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There’s room for competition in public health care

Carol Propper is a professor of economics at Imperial College Business School, London

This is the last of a five-part series on modernizing medicare: lessons from home and abroad

Do competition and choice improve health care? Or is health care just too complex and emotive an area to respond to market forces? All health care systems are grappling with the same problems: how to meet public expectations and deliver high-quality care amid rising demand and costs. Making more use of markets to deliver health care is one of the big challenges of our age – essentially, whether to reform systems which have traditionally been heavily controlled and regulated and which offer patients and users little choice.

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Modernizing health care has obvious appeal; competition in the rest of the economy is generally beneficial. But health care in Britain (as elsewhere) is a political hot potato, and in Britain, any reforms which encourage competition and choice are viewed as covert attempts to privatize our revered NHS (National Health Service). But I believe competition brings many benefits.

Health-care markets are not that special. Or rather, there are many markets which are also complex – financial markets, for instance. We may need help and guidance in making choices such as picking the right pension or insurance policy, but the market doesn't benefit from being locked by a top-down authority. The same logic can be applied – with care – to the health-care industry.

In Britain – similarly to Ontario – the health system is primarily funded from the public purse and all citizens are entitled to health-care services. Private insurance is limited. So there's little competition between insurers to cover patients. But in such a system, there can be competition between health-care suppliers for consumers – the patients themselves (advised by their family doctors). Reforms in England have sought to increase competition between hospitals for public funds. The bottom line is these have benefited patients – but introducing more choice and competition also means the rules of the game need to be carefully designed and monitored.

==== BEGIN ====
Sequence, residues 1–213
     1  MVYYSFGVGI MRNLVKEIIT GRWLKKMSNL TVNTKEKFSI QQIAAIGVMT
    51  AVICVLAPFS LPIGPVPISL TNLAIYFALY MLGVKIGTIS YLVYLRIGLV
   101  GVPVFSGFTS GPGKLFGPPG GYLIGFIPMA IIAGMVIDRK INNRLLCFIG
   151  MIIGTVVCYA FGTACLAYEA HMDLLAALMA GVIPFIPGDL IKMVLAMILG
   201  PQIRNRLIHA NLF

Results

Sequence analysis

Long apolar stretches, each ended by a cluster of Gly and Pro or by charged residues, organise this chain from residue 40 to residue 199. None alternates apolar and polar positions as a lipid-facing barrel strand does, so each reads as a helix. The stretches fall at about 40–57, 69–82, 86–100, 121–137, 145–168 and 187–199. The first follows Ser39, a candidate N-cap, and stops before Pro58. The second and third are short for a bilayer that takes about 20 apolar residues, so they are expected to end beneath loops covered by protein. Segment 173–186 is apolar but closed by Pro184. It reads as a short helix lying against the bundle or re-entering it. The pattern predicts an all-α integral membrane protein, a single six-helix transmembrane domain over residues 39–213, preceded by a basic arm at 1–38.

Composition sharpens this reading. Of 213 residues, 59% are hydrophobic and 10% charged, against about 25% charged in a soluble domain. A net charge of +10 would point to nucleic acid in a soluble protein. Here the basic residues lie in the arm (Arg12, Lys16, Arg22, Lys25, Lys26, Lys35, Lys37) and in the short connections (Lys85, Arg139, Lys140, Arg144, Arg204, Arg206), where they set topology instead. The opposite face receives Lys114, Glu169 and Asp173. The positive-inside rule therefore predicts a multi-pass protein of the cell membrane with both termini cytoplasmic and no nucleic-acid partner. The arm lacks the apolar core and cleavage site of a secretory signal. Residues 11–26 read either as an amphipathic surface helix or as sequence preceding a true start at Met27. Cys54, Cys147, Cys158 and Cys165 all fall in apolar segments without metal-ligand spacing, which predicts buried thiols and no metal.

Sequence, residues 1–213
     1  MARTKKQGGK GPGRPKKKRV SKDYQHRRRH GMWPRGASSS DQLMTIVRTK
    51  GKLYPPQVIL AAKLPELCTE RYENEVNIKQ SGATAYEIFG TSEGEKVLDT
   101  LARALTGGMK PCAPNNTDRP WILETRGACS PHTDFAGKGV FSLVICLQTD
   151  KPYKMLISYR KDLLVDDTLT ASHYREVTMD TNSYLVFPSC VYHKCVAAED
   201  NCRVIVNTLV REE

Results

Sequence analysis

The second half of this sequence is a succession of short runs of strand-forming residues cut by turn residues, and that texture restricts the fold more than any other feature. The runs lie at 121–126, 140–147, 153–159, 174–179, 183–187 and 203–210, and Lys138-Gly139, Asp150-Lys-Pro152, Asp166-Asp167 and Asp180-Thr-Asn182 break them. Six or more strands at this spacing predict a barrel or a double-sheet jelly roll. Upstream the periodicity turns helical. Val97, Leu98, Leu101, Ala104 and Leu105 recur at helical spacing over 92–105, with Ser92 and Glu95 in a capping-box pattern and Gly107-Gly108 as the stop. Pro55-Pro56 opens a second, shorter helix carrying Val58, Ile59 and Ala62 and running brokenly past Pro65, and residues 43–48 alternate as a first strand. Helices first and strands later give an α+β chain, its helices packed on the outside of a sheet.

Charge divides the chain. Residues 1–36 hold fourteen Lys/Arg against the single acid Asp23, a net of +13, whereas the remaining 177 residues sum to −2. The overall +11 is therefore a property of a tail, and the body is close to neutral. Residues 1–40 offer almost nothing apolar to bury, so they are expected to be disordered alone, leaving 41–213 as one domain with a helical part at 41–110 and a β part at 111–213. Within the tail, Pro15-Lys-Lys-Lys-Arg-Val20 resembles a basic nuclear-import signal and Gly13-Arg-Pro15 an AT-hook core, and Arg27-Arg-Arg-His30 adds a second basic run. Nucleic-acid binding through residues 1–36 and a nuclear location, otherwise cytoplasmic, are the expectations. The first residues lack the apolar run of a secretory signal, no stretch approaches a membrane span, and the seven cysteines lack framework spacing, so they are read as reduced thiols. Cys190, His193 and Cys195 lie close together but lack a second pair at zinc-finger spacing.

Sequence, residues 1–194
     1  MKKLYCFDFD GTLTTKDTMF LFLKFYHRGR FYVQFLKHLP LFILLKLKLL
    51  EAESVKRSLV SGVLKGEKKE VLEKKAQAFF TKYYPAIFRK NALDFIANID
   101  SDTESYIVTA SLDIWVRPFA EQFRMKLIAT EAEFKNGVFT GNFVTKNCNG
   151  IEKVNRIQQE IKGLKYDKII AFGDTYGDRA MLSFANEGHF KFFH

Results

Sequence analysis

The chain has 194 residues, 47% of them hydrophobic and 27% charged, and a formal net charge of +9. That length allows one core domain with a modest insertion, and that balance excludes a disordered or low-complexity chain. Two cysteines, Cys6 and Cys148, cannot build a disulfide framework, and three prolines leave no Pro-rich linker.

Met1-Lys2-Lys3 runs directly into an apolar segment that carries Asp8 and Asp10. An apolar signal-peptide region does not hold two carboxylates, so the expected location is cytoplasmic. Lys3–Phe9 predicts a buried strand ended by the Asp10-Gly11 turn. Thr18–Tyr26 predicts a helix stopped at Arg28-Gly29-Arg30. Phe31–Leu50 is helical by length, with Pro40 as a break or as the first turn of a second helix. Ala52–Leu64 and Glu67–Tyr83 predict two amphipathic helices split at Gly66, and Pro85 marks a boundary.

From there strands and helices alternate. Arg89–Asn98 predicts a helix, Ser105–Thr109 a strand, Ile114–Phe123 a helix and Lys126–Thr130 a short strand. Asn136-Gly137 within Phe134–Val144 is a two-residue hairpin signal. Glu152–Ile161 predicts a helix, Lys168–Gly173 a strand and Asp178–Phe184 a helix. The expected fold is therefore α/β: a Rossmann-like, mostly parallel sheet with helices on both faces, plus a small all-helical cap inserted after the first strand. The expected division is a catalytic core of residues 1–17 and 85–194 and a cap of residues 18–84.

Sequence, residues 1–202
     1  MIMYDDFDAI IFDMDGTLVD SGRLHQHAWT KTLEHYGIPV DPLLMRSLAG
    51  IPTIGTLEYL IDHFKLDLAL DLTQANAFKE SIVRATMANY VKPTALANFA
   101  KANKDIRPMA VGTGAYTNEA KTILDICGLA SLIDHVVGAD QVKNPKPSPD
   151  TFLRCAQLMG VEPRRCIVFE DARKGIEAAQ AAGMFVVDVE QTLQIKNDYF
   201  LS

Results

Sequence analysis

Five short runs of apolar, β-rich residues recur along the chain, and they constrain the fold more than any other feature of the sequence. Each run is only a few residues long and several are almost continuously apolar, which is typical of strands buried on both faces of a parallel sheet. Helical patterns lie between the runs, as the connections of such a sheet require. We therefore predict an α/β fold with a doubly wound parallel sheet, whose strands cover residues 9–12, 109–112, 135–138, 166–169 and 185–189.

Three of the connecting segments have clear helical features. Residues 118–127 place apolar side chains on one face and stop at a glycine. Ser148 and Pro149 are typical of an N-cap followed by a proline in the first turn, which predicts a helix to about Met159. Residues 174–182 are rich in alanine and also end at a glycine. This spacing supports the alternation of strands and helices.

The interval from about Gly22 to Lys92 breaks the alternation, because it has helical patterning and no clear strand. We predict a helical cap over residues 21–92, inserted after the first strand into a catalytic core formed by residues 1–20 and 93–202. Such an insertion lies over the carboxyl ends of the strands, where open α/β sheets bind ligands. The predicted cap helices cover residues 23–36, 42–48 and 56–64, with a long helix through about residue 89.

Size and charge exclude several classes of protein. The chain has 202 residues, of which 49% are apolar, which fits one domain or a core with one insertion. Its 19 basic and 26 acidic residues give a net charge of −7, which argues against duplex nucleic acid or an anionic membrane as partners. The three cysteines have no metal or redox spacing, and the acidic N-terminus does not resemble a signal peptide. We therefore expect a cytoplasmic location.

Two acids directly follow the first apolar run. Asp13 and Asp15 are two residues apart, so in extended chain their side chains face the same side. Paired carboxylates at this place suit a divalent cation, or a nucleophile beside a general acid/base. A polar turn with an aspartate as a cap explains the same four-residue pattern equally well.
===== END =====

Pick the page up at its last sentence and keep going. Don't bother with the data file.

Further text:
More than 10 years ago, patients in England were allowed to choose where they would be treated, as part of market reforms. As a result, they began to move toward hospitals that provided better-quality care, such as those with better survival results, lower rates of infection or shorter waiting lists, for instance. Patients, with the aid of their family doctors, broke free of the "postcode lottery" which had tied them to whatever was offered locally. At the same time, well-performing hospitals gained greater autonomy. This led to tangible increases in quality for no extra cost, and patients spent less time in hospital.

Canada already has private provision, which would allow this kind of competition, but doesn't yet have the mechanisms in place to encourage that choice.

But NHS – created in 1948 as a top-down structure – is dangerously close to our hearts, and policies that introduce competition and choice become politicized very quickly. Competition is seen as privatization, rather than harnessing forces to improve delivery. I'm not suggesting we dismantle our tax-financed system or our strong commitment to equity in delivery of care. But I am suggesting that we allow providers of care to have more autonomy at the margins, and freedom to make decisions unfettered by centralized bureaucratic control.

Reform of health care in Britain has become a political football, and initiatives to fund private suppliers – with public finance – have become confused with privatizing the whole service – which isn't happening. But this creates substantial political push-back, even though the private sector has a role to play in most areas of health care.

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But there's never a free lunch in this game. If you are going to promote competition, you need to beware of monopolies – which are seldom in the public good, but rather tend to entrench vested interests. Just as mergers in the wider economy tend not to benefit the general public, nor do they in health care, although this is a sector which likes to merge. So you need an authority that looks very carefully at mergers and assesses whether they are in the public good.

In Europe, we have the Dutch example to follow. Health care in the Netherlands isn't such a politically-charged topic. And for 20 years, the Netherlands has encouraged competition and choice in health insurance. They now also have 10 years' experience of competition in delivery of health care. Taking a lesson from the Netherlands might be useful for Canada, too.

Carol Propper is presenting at the AMS Healthcare Symposium – Canadian Medicare 2017: Historical Reflections, Future Directions – in Toronto on May 11-12.

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